#RSNA14: Role of Adjunct Whole Breast Ultrasound After NY Breast Density Law

A session on breast ultrasound at the 2014 Radiological Society of North America (RSNA) annual meeting in Chicago (30 November-4 December) heard from Islamiat Ego-Osuala, MD, who presented a study of the use and role of adjunct ultrasound (US) screening following implementation of the breast density notification law in New York state in January 2013.  Their study had a lower cancer detection rate than previous studies, but included around twenty-five percent of women who were screened with whole breast ultrasound, but did not have dense breasts.

Their study reviewed women who underwent a handheld high resolution whole breast US exam performed by one of 11 specialised breast US technologists between 1 January 2013 and 31 March 2014. Screening mammogram and US exams were performed at a large academic institution with two satellite private practices and evaluated by one of 16 breast imaging specialist radiologists. The findings of the screening mammograms were known by the sonographer before the US exam was performed. Risk factors for breast cancer, mammographic density, final BIRADS assessment and outcomes of US and mammography exams were recorded. The follow-up rate, biopsy rates and added cancer detection rates were examined.


A total of 42,341 screening mammograms were performed in 36,523 women. Of 3044 women who underwent 3167 screening adjunct US exam, 2253 (74 percent) of women had dense breasts, 1857 (61 percent) had average risk for breast cancer and 39 percent had an elevated risk of breast cancer. Of 3,167 US exams, 2614/3167 (82.5 percent) US exams were assessed as BIRADS 1 or 2, 276 (8.7 percent) as BIRADS 3, 277 (8.7 percent) as BIRADS 4 or 5. 18 biopsies were cancelled because the lesion was no longer seen or reassessed as benign. Biopsy was performed in 259 lesions, yielding 249 (96.1 percent) benign results, 5 high-risk lesions (1.9 percent) and 5 malignancies (1.9 percent).  Of 10 lesions that underwent surgical excision, 7 were malignancies, 3 IDCs and 3 DCIS, yielding a PPV of 2.32 percent. Four out of seven cancers were detected in women with abnormal mammographic findings. Four out of seven malignant lesions were seen on mammography and ultrasonography; three malignant lesions were seen on US only. All three cancers detected on US only were stage 0 or 1 cancers (ER/PR (+), with a mean size of 8 mm and with a negative sentinel node biopsy. The additional cancer detection rate was 0.09 percent.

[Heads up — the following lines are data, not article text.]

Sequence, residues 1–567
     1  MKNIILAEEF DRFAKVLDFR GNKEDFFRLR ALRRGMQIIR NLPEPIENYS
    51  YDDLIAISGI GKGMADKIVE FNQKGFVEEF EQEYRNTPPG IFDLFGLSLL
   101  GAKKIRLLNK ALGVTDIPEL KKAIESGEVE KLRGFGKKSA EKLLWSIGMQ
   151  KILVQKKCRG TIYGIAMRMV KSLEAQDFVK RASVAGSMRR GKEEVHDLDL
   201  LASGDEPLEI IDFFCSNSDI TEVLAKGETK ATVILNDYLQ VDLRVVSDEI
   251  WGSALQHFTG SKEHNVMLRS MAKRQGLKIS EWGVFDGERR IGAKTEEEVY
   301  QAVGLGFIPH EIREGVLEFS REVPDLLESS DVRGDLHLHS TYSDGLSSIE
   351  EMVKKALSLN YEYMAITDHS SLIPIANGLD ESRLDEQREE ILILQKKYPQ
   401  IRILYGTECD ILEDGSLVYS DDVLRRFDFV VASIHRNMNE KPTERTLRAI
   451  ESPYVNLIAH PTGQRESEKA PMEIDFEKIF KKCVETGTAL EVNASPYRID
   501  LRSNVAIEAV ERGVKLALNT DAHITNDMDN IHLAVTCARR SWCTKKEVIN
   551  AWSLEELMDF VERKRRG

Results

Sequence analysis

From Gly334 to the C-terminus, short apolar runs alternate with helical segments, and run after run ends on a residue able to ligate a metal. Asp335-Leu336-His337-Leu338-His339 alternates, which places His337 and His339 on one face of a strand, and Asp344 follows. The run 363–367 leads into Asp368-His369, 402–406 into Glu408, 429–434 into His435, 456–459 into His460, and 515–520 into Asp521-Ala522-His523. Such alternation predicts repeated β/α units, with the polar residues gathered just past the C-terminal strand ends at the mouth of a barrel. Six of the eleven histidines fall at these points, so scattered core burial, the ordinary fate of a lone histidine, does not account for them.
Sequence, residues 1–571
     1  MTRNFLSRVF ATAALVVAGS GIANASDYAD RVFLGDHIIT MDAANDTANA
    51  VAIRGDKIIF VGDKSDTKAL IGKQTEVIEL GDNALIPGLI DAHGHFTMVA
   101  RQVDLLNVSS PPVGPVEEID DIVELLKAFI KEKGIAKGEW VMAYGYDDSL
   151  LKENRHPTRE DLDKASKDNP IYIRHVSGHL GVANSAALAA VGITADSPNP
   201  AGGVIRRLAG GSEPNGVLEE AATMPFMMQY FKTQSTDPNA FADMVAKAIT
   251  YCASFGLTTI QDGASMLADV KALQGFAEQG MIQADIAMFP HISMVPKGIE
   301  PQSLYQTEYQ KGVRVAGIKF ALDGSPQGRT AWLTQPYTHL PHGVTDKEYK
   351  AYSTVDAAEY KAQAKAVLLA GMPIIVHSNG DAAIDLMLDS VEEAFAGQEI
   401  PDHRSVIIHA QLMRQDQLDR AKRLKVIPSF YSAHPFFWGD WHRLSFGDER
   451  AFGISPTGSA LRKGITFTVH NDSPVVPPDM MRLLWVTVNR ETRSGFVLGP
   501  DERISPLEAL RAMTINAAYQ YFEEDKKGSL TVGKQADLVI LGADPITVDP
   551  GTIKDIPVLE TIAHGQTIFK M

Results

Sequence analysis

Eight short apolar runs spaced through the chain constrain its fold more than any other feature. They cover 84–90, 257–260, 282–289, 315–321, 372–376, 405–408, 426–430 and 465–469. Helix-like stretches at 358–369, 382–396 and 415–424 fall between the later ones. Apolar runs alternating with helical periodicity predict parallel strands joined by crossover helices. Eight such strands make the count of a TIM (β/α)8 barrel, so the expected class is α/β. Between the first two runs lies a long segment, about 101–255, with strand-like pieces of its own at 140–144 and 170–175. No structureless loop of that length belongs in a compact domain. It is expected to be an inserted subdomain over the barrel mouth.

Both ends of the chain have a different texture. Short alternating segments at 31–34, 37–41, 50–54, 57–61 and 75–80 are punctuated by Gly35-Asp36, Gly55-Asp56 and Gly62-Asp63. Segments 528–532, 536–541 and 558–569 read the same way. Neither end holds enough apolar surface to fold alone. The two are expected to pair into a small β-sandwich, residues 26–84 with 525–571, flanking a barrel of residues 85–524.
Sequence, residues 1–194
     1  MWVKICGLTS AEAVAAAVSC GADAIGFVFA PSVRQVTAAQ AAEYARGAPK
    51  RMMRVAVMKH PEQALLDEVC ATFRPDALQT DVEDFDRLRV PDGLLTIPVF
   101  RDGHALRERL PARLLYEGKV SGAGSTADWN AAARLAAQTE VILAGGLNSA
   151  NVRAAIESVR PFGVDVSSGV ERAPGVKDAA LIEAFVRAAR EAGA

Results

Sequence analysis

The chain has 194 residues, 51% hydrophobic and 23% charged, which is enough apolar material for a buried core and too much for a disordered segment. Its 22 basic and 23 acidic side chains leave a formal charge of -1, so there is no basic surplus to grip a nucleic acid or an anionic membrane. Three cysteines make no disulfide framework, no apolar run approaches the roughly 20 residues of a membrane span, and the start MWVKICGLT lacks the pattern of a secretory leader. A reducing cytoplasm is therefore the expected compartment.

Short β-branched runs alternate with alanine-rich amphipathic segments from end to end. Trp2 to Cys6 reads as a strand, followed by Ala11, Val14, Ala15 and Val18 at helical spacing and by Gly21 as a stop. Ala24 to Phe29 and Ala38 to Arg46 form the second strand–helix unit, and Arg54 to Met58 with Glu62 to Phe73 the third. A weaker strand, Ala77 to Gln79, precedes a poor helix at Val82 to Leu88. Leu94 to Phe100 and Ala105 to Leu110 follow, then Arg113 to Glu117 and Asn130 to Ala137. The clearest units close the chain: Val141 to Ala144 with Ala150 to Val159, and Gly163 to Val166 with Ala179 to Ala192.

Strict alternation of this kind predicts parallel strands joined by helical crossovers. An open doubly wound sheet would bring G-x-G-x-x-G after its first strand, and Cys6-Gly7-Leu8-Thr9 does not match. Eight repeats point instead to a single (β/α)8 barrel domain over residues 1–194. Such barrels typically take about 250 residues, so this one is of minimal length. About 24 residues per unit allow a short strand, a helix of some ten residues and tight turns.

Supplemental whole breast US detects mammographically occult and node-negative cancers, although the rate in this study is much lower than previous studies. No cancers were detected in non-dense breasts, suggesting that supplemental screening US may be of no additional benefit in this group. If WBUS was performed in women with dense breast tissue only, the additional cancer detection rate would be 0.13 percent. Ego-Osuala noted that this study is the only one to their knowledge that included all patients being referred for screening US regardless of risk factors and breast density.

The low PPV of screening US in this study where most women had dense breast tissue and were average risk suggests further studies are necessary to identify the women who may benefit from this or other adjunct exams, such as breast MRI or digital tomosynthesis, said Ego-Osuala.

Claire Pillar
Managing Editor, HealthManagement

Published on : Mon, 8 Dec 2014

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Breast density, breast imaging, RSNA 2014, breast ultrasound, #RSNA14 A session on breast ultrasound at the 2014 Radiological Society of North America (RSNA) annual meeting in Chicago (30 November-4 December) heard from Islam

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